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How automakers buy reporters

Illustration for article titled How automakers buy reporters

It's the American dream: plucked from obscurity to live the pampered life of a rock star, starlet or, er, an automotive journalist? Two automaker-sponsored contests, from Hyundai and Nissan, promise amateur hacks trips to the New York auto show and press credentials. It's a double win: publicity and free content. What could possibly go wrong?

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Nissan's contest, which the company posted on Facebook this week, solicits video-clip submissions by Nissan owners, who can win a trip for two to be a reporter at the New York International Auto Show — complete with a press credential. Jessica Reed, an account supervisor with the Zocalo Group, the social-media agency running the contest, clarified what the winner gets. "It's for a community member to be our 'Facebook reporter' (loose term)," she wrote in an e-mail. "We'll be walking with them and create content with them to feature on our Facebook page at a later day, just from their Nissan-owner perspective."

Hyundai's version has a built-in pretense of objectivity, which it gleaned from sponsoring the contest with the SEO-hungry High Gear Media. High Gear has already made finding writers willing to work for free part of its business model, so the contest isn't that much of a stretch. Editors of High Gear's The Car Connection will judge submissions from writers, and pick one writer to attend the show and "cover" it as a guest of Hyundai, High Gear and the NY auto show.

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So Nissan's paying for someone to attend the show, and calling them a "reporter"? To be fair, there's enough wiggle room in that definition to accommodate whatever public relations goals the company's setting out for the winner. (At least they didn't say "citizen journalist," the media-industry con of the decade.)

Hyundai/High Gear's scheme doesn't invoke the "R" word, but as GM happily found with the bloggers and tweeters it's been bringing to the Detroit auto show, tagging someone a "guest" puts them in a natural position of deference. For amateurs and blog acolytes who don't have a cranky desk editor with the ghost of Edward R. Murrow haunting their office to watch over their copy, it's a relationship that kills objective reportage deader than Katharine Graham's mink stole.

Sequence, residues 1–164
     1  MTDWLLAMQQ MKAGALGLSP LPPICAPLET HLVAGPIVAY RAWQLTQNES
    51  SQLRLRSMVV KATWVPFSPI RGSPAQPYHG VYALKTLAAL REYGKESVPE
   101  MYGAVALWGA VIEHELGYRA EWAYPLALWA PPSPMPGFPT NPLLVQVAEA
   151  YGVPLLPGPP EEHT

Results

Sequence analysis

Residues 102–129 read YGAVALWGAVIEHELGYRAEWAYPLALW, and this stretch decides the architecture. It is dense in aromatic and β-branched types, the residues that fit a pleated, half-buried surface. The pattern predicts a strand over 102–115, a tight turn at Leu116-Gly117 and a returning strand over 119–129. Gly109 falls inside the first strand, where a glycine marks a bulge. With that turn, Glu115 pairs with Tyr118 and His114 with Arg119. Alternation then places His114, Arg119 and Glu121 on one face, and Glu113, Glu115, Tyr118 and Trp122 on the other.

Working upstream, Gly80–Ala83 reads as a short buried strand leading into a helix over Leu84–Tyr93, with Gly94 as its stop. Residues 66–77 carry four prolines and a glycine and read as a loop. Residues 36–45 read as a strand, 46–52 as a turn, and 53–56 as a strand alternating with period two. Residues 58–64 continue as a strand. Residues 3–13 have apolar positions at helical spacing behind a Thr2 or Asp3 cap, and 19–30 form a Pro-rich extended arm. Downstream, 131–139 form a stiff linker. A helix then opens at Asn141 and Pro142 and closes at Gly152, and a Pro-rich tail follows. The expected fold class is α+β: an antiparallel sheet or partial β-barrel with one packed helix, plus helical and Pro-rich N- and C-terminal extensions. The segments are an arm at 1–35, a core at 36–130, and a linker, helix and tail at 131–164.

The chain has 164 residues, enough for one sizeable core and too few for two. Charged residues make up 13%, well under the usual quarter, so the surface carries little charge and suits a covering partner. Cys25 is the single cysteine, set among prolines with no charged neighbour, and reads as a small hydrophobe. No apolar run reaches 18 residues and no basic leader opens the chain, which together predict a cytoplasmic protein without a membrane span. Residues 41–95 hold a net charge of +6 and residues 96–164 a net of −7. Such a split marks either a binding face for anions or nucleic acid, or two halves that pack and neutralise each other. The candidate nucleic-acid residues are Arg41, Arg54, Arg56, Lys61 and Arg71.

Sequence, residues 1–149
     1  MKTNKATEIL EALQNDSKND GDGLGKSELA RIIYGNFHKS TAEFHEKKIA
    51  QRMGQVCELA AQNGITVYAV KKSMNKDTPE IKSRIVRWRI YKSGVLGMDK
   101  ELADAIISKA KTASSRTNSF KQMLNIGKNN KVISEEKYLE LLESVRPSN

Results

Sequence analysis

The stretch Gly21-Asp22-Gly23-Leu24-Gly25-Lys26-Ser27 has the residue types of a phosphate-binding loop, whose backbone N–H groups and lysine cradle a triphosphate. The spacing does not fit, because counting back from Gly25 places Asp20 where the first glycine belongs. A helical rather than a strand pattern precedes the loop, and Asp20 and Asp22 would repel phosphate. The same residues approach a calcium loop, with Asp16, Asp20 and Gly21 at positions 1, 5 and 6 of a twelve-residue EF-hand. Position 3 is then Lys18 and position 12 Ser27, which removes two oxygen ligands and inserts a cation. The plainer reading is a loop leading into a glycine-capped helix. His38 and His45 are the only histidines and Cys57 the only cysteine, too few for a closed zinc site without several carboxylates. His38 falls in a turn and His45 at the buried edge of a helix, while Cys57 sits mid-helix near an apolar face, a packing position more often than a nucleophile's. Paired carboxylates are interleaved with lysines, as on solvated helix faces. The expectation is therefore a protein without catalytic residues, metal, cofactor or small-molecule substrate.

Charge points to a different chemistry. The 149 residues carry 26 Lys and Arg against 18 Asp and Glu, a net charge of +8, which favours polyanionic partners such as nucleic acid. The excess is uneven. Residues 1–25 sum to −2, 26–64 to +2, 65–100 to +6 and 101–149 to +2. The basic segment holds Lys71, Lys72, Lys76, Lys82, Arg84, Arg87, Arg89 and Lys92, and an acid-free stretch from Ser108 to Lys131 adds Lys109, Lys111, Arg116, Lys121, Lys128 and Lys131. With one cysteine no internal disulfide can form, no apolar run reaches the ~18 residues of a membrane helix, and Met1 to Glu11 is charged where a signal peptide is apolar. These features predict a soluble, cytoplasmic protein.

But who cares, anyway? What, should we muster muster sympathy for the auto journalist who rides his dubious talents all the way to exotic locales, where he's fed, soused and let fly on Estoril or Laguna Seca or Ascari in the world's great sports cars. Please. Now we have to feel sorry that he's being squeezed by automakers that would rather route around media middlemen, or media brands that would rather he worked for free? What's a poor hack to do, enter a contest?

We guess so.

[Hat image courtesy of Zazzle]

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DISCUSSION

So TTAC writes an article about how Acura was bringing its customers out to its events instead of reporters. This being pointed out by Kamil over at Carguydad.com

Now Jalopnik writes an article about how the auto companies are using joe average buyer to be a "reporter" as well

The timing seems quite interesting. Ford made a lot of waves with his Fiesta launch awhile back that ignored the reporters in favor of joe average Facebook user. We have sites, like Jalopnik, saying that the print media is dead and long live the blog!! I mean website or whatever Jalopniks being called because its not a blog.

The new era of reporters are micro bloggers right or wrong. In a lot of ways its wrong but its the way it works. As, correctly, pointed out over at TTAC todays automotive writers dont even really review cars. They file reports in a mad libs fashion and hit submit. So if your a car company thats losing money why would you pay to fly them in? Why not do what Acura did and bring in the people who are most likely to not only buy a new Acura but tell their friends? Like Ford have a contest to get people to want a Fiesta or like this with Nissan where they are preaching to the converted. I dont understand the hate.

Gawker, and now AOL for that matter, preach the new media. Preach that the of the old way is dead. Advertisers dont have the money they used to. They are adapting to the new media pushed so hard by companies like these. In my mind they are using their resources in a manner that makes sense.